Mind the gap: How Auckland Transport plans to tackle its diversity problem

With less than 1% of Auckland Transport’s senior leaders of Pacific descent, Justin Latif asks what the council-controlled organisation is doing to turn that around.

“It’s just a battle to be heard.”

Kim* is of Pacific descent, has held a variety of roles across local government, and is very familiar with the challenges faced by Pacific staff in the public sector.

“I’ll point out things that might be against what they are thinking, but it’s put in the too hard basket. At senior leadership level it can be a very alpha-style culture. When engaging with Pacific communities they [the management] want to do a good job, but I don’t think they understand [the issues facing Pacific peoples].”

Auckland Transport (AT) has just released its Pasifika strategy, aimed at growing its Pacific workforce and improving how it engages with Pacific communities. This strategy comes a year after Auckland Council released its own Pasifika strategy, Ara Moana, aiming to improve outcomes for Pacific peoples in Auckland. 

Currently 10% of Auckland Council’s total workforce are of Pacific descent, and 4% of its senior staff and leaders are Pacific. At the council’s development arm, Panuku, 6% of staff identify as Pacific, and 3% of its senior staff and leaders are Pacific. At AT, 6% of staff and only 1% of those in senior or professional roles have Pacific heritage, with two-thirds of its Pacific staff working in customer service or service delivery roles. 

AT’s head of organisational effectiveness Antony Hall says the council-controlled organisation (CCO) has got to do more.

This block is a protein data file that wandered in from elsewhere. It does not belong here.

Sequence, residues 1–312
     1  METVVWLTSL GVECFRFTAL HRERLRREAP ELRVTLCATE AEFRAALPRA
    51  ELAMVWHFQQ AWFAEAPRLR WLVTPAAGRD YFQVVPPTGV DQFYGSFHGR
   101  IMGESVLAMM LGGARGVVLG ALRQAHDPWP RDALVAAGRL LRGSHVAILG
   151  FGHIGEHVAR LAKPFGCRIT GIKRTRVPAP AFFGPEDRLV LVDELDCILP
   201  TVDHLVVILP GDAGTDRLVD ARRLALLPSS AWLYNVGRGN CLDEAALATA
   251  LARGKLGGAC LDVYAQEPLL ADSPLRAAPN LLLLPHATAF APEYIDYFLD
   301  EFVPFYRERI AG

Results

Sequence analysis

“If we want to be designing transport for Auckland, we need to have people who work here, who are Auckland and represent all of Auckland.”

And Hall believes this will in turn lead to better engagement with South Auckland’s Pacific-majority communities. He uses the Te Ara Mua Future Streets project in Māngere as an example where consultation between AT and the local community could have been better.

“I do think [Future Streets] is a good example [where] I don’t think we’ve spoken the ‘language’ of [all parts of] Auckland. The questions we need to answer are, ‘how do you know what communities are saying and how do you listen genuinely as an organisation?’ I think it all starts with having a diverse organisation.”

Kim says AT’s new strategy is heading in the “right direction” but the real test will be ensuring Pacific staff are also deeply connected to the communities AT is trying to engage with. 

“It will come down to how they hire staff and whether they hire people who are brown and sound a certain way [like existing staff], or actually hire people who are more aligned to objectives they’re trying to achieve. 

“You need people who actually come from these areas, who actually know the people, so you’re not just hiring their skills, but their networks, and that’s your connection to these communities.” 

Kim says council staff need to be willing to engage with Pacific-majority communities in Māngere and Ōtara over a long period of time and even be willing to pay key leaders to “talk to the community”.

“Council consultations are very transactional, and it works for most communities. You put out a consultation asking for feedback in a place like Mt Albert and bang, you get thousands of responses, but it’s not like that for all communities.”